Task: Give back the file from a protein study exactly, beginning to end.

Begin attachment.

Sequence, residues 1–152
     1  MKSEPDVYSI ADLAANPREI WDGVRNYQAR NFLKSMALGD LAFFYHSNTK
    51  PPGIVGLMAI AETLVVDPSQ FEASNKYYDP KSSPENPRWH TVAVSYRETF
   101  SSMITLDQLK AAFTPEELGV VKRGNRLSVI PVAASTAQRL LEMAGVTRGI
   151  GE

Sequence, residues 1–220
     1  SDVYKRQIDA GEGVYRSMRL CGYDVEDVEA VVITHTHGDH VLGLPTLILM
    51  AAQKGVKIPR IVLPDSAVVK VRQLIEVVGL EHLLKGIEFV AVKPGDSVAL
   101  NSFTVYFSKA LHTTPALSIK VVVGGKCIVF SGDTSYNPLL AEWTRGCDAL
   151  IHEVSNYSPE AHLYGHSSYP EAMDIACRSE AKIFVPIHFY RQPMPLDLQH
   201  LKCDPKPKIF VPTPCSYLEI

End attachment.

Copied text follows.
Sequence, residues 1–152
     1  MKSEPDVYSI ADLAANPREI WDGVRNYQAR NFLKSMALGD LAFFYHSNTK
    51  PPGIVGLMAI AETLVVDPSQ FEASNKYYDP KSSPENPRWH TVAVSYRETF
   101  SSMITLDQLK AAFTPEELGV VKRGNRLSVI PVAASTAQRL LEMAGVTRGI
   151  GE

Sequence, residues 1–220
     1  SDVYKRQIDA GEGVYRSMRL CGYDVEDVEA VVITHTHGDH VLGLPTLILM
    51  AAQKGVKIPR IVLPDSAVVK VRQLIEVVGL EHLLKGIEFV AVKPGDSVAL
   101  NSFTVYFSKA LHTTPALSIK VVVGGKCIVF SGDTSYNPLL AEWTRGCDAL
   151  IHEVSNYSPE AHLYGHSSYP EAMDIACRSE AKIFVPIHFY RQPMPLDLQH
   201  LKCDPKPKIF VPTPCSYLEI